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A Possible Antiviral Treatment for COVID Discovered

A Possible Antiviral Treatment for COVID Discovered post image

An antiviral drug promising to be highly effective against SARS-CoV-2, the virus that causes COVID-19.

An antiviral extracted from a plant known as ‘the deadly carrot’ could help in the fight against COVID, new research finds.

The antiviral, called Thapsigargin, is extracted from the Thapsia garganica plant.

The extract might significantly shift the way the coronavirus pandemic is manged.

Thapsigargin has a broad-spectrum antiviral effect, with the ability to block different types of viruses and be effective against a wide range of micro-organisms.

A new study reveals that thapsigargin treatment is extremely effective against the influenza A virus, respiratory syncytial virus (RSV), common cold coronaviruses, and COVID-19

A variety of viruses can cause acute respiratory virus infections, but they are clinically identical.

The possibility of making a powerful broad-spectrum antiviral drug widely available would curb infection and prevent its spread.

When the research team looking for options they noticed that taking small amounts of thapsigargin generates a very effective innate immune antiviral responses against SARS-CoV-2 and other respiratory viruses.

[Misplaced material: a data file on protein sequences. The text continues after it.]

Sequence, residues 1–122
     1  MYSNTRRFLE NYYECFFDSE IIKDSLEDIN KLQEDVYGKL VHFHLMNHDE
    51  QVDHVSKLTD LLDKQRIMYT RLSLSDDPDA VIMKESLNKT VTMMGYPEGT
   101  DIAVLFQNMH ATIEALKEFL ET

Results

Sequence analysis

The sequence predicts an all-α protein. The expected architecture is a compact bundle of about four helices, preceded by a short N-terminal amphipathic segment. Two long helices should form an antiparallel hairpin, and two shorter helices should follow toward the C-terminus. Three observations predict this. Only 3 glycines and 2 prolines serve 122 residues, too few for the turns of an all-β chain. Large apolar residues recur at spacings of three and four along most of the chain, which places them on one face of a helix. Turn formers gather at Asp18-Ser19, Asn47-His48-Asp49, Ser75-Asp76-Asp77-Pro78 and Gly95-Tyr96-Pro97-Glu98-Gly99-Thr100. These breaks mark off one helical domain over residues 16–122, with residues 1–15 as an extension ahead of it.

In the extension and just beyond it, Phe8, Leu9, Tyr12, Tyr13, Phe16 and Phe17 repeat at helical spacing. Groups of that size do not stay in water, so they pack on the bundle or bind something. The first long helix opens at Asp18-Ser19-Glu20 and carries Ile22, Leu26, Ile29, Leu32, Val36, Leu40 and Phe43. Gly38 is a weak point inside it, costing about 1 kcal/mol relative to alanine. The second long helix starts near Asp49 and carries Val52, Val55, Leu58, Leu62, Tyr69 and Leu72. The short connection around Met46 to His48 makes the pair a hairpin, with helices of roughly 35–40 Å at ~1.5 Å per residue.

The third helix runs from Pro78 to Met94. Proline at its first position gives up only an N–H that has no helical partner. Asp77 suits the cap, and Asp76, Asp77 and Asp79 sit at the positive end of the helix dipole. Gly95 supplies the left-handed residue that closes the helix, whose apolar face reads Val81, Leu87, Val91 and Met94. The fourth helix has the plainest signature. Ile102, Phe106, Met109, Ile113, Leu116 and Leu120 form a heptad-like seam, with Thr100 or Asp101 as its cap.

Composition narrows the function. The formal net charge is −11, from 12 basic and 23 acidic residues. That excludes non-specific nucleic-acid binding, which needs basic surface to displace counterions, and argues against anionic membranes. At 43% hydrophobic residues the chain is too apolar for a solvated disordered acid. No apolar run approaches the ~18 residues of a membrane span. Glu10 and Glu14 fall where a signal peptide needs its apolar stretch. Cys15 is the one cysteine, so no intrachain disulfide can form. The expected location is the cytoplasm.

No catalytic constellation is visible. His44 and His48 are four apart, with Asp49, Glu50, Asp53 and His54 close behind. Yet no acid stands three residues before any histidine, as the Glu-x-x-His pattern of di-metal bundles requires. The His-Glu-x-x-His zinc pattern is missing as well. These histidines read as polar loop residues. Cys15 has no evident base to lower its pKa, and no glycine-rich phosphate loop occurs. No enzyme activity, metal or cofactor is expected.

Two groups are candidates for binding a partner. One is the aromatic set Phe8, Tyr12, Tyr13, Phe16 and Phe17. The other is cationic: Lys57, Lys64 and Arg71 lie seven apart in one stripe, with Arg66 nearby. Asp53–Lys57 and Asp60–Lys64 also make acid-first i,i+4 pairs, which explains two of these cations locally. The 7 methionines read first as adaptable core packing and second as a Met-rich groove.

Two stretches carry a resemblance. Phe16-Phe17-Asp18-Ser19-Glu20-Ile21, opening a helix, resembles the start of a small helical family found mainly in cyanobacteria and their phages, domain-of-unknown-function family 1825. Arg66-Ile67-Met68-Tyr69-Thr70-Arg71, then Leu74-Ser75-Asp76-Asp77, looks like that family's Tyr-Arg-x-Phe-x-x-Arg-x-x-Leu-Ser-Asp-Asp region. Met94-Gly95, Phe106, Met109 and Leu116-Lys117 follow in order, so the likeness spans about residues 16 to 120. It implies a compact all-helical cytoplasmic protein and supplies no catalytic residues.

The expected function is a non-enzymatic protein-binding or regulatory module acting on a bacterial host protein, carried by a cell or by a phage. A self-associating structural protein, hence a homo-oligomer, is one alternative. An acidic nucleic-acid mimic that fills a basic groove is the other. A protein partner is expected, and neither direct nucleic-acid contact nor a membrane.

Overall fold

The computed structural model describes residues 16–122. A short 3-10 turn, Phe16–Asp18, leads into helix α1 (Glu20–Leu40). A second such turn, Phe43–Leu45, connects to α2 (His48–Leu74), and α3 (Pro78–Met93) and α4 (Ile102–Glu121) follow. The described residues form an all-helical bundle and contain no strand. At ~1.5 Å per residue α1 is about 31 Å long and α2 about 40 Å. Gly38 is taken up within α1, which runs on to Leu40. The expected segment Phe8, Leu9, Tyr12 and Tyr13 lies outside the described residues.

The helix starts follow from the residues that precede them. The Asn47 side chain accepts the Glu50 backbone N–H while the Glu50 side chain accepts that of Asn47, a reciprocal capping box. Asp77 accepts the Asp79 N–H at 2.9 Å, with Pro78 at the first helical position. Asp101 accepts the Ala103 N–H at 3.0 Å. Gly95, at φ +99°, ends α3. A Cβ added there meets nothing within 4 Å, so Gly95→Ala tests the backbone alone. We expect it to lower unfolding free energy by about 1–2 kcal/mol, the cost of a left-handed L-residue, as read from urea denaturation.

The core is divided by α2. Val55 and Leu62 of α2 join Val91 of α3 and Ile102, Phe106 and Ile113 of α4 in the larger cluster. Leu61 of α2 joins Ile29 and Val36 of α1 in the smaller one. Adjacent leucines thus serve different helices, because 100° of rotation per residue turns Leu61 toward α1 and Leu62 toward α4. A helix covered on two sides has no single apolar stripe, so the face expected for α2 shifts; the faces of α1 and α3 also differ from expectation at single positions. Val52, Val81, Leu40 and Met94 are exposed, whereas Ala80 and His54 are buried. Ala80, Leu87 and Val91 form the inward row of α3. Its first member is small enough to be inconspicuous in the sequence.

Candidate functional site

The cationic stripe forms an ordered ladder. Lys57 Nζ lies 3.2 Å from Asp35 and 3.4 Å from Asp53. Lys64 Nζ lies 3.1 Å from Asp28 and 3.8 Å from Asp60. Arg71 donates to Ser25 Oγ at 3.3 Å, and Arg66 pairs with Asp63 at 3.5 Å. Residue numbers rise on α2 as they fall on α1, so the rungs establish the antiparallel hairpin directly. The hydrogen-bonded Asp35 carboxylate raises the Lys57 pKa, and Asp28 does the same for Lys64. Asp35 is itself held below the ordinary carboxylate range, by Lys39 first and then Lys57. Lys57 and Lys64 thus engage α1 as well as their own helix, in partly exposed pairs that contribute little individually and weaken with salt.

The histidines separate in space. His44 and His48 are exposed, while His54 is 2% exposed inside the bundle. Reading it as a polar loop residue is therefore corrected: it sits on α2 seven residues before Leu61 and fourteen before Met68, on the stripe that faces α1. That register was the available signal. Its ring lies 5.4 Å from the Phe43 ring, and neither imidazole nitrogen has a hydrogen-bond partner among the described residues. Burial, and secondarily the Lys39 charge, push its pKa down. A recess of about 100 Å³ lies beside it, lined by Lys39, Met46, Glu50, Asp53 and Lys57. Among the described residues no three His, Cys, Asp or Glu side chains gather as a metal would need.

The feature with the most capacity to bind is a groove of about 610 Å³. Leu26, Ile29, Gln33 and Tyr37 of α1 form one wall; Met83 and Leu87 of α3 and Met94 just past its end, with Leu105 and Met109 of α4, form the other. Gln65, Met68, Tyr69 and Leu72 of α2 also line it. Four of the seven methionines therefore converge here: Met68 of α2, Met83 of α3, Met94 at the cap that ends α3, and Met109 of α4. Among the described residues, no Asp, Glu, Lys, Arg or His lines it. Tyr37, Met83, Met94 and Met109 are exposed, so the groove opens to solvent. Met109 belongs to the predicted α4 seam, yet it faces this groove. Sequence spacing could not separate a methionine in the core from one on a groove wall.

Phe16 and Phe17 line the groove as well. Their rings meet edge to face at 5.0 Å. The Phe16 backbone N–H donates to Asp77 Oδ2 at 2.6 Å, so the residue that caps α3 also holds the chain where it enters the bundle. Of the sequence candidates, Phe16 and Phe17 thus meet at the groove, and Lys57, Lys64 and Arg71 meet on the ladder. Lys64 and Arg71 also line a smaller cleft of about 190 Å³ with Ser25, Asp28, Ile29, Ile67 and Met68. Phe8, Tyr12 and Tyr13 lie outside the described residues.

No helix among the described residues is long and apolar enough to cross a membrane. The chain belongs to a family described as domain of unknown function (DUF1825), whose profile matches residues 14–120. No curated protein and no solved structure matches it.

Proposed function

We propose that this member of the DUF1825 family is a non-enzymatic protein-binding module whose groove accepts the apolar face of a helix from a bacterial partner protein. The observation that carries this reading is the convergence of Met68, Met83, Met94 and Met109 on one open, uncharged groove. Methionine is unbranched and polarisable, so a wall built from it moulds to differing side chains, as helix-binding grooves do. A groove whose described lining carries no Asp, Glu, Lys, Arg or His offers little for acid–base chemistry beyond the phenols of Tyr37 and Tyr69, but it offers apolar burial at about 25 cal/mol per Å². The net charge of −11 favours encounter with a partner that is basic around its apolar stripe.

The reasons that makes this plant-derived product a favourable antiviral are as follow:

  • It isn’t broken down by stomach acid so it can be administered orally instead of by injection.
  • If taken during early infection, it disrupts the virus which gives antibodies and cell-mediated immunity a chance to get ready.
  • If exposed to a virus for 30 minutes, then the virus can’t reproduce itself for at least 48 hours.
  • Several hundred times more powerful than other antiviral products.
  • Viruses usually mutate to become resistant to a treatment, but this doesn’t work for thapsigargin.
  • It blocks combined infection with flu and SARS-CoV-2 as effectively as infection with one virus.
  • Thapsigargin is safe as it has been used for treating prostate cancer.

Professor Kin-Chow Chang, the study’s senior author, said:

“Whilst we are still at the early stages of research into this antiviral and its impact on how viruses such as COVID-19 can be treated, these findings are hugely significant.

The current pandemic highlights the need for effective antivirals to treat active infections, as well as vaccines, to prevent the infection.

Given that future pandemics are likely to be of animal origin, where animal to human (zoonotic) and reverse zoonotic (human to animal) spread take place, a new generation of antivirals, such as thapsigargin, could play a key role in the control and treatment of important viral infections in both humans and animals.

Although more testing is clearly needed, current findings strongly indicate that thapsigargin and its derivatives are promising antiviral treatments against COVID-19 and influenza virus, and have the potential to defend us against the next Disease X pandemic.”

The study was published in the journal Viruses (Al-Beltagi et al., 2021).

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